Assessment of drought vulnerability and impact should be facilitated through the systematic collection of common minimum datasets and should account for context specificity by involving local communities.
Emphasis should be placed on more integrated approaches for drought preparedness and mitigation through applications of science and technology for the development of more resilient communities and ecosystems and through social safety nets and economic inclusiveness.
Better understanding of drought phenomena and the associated risks and implications at local, state, regional, and national levels should be enhanced to provide timely, appropriate response and relief to affected communities.
Cooperation, consultation, communication, and partnerships at the international, regional, national, and local levels should be promoted to construct effective national drought policies.
The high-level or policy segment of the HMNDP was chaired by Brigi Rafini, prime minister of the Republic of Niger. Supporting keynote addresses were given by Ban Ki Moon, secretary general of the United Nations; Jakaya Mrisho Kikwete, president of the United Republic of Tanzania; the Willem-Alexander of the House of Orange-Nassau, chair of the U.N. Secretary-General's Advisory Board on Water and Sanitation; and Professor Bernard Lehmann, director general of the Swiss Federal Office of Agriculture and other dignitaries. The final declaration was accepted by the signatory governments during the HMNDP (WMO et al. 2013b). The declaration urged WMO, UNCCD, FAO, and other related UN partners to assist the governments with the task and specifically called on developed countries to assist developing countries in this area and encouraged international cooperation to foster drought policies in developing countries. A letter on the final declaration was jointly prepared and signed by the main partner organizations (FAO, UNCCD, and WMO) and was sent to governments on 10 June 2013.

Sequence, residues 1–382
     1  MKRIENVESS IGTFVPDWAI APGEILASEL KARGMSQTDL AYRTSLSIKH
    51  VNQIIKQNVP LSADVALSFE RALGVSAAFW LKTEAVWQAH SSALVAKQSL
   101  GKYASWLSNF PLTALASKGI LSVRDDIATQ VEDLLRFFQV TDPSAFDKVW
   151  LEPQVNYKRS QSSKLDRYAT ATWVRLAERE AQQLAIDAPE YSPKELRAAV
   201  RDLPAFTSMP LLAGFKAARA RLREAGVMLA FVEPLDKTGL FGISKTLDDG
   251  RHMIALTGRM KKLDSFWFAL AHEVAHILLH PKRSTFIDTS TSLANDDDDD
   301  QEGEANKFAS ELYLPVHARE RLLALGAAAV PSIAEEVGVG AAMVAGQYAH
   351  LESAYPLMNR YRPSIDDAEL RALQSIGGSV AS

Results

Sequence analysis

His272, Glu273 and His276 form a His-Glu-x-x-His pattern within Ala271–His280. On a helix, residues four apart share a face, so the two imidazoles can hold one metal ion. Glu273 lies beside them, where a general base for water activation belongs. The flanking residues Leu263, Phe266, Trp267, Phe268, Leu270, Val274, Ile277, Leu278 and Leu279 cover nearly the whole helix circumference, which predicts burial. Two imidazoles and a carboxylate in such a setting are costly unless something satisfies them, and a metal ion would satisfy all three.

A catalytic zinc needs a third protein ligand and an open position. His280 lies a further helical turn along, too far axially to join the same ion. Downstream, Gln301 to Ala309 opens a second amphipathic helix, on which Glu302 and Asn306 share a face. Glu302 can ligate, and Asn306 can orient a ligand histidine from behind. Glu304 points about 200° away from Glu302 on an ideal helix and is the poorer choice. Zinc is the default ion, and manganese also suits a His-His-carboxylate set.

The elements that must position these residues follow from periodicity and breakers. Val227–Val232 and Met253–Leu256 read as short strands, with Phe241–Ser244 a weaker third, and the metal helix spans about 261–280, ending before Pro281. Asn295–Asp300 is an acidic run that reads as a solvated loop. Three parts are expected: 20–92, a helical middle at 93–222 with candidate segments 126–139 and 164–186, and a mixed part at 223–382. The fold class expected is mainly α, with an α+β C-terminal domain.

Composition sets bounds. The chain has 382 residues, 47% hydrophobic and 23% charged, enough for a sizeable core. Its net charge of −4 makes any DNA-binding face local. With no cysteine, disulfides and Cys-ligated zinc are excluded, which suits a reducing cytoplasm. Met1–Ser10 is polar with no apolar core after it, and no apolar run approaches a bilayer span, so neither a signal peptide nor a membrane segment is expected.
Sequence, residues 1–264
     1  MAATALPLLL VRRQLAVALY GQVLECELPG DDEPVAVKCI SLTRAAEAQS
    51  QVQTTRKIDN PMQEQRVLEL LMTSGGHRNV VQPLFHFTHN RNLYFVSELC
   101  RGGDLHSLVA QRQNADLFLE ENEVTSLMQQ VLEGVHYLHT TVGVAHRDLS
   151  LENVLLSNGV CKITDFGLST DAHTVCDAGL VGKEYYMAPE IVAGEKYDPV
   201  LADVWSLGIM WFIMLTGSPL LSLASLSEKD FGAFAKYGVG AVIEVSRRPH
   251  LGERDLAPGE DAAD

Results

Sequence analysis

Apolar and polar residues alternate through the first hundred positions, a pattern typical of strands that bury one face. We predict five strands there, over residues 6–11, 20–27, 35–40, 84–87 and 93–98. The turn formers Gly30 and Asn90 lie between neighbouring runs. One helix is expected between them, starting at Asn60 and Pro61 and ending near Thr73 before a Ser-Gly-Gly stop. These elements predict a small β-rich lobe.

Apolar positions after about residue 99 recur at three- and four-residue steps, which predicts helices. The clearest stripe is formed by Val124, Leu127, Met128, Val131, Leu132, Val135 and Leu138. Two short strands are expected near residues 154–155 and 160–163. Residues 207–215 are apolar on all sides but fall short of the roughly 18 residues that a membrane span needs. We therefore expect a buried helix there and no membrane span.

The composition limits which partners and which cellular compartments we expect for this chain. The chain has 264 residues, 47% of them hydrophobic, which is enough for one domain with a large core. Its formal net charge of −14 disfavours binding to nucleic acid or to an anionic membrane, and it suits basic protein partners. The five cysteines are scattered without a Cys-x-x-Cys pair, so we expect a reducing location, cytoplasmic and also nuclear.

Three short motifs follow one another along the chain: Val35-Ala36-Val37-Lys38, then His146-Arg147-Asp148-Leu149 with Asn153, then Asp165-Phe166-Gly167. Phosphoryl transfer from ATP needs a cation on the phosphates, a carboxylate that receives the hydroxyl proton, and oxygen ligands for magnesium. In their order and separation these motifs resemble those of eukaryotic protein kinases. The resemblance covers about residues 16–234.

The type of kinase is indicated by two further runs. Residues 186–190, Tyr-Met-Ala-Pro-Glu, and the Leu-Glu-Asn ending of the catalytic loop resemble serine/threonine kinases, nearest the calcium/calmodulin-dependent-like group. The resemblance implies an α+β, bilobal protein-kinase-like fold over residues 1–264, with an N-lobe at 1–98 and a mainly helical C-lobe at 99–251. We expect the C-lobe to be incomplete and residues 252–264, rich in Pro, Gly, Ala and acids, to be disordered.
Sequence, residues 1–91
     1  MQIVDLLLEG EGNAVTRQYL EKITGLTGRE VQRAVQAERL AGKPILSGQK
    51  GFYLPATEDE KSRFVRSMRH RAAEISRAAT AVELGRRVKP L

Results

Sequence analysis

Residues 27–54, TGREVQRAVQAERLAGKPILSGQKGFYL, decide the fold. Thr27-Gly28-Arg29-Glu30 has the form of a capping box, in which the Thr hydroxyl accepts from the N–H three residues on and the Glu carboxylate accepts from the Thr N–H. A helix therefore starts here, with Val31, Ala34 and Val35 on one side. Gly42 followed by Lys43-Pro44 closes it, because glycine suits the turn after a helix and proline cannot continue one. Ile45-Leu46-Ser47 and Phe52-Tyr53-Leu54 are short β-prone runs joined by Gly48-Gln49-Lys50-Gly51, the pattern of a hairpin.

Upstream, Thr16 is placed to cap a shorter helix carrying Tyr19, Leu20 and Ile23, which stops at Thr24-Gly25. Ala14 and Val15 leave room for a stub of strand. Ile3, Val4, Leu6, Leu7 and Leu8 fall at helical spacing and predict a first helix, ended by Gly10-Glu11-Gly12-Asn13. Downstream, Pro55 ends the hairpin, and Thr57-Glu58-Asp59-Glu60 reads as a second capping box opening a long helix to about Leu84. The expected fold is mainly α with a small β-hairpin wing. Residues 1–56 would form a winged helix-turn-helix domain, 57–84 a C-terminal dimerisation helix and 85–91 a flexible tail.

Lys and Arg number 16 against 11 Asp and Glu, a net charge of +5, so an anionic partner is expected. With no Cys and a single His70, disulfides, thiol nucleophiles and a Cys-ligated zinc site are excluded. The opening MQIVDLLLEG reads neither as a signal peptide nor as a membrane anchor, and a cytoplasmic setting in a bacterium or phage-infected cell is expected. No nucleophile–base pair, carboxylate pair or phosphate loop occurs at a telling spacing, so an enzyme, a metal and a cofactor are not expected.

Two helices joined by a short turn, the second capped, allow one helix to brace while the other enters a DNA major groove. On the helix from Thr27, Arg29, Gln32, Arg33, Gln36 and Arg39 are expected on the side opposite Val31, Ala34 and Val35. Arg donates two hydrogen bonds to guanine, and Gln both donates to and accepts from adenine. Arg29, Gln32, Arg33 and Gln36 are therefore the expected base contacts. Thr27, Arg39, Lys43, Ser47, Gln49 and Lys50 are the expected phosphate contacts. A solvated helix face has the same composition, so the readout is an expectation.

Building on the efforts to organize the HMNDP, several initiatives were launched at the meeting. An initiative entitled “Capacity Development to Support National Drought Management Policies,” supported by the UN-Water Decade Programme on Capacity Development (UNW-DPC), WMO, UNCCD, and FAO, aimed at providing capacity development on drought management through four regional workshops that will take place from July 2013 to December 2014. The first workshop was held in Bucharest, Romania, in July 2013 for the countries of eastern Europe. Other workshop locations will include Latin America, Asia, and Africa (UN-Water Activity Information System 2013). In addition, WMO and the Global Water Partnership have launched the Integrated Drought Management Programme (IDMP) with a central objective to “support stakeholders at all levels by providing policy and management guidance and by sharing scientific information, knowledge and best practices for Integrated Drought Management” (WMO 2013).
M. V. K. Sivakumar is the former director of the Climate Prediction and Adaptation Branch at WMO.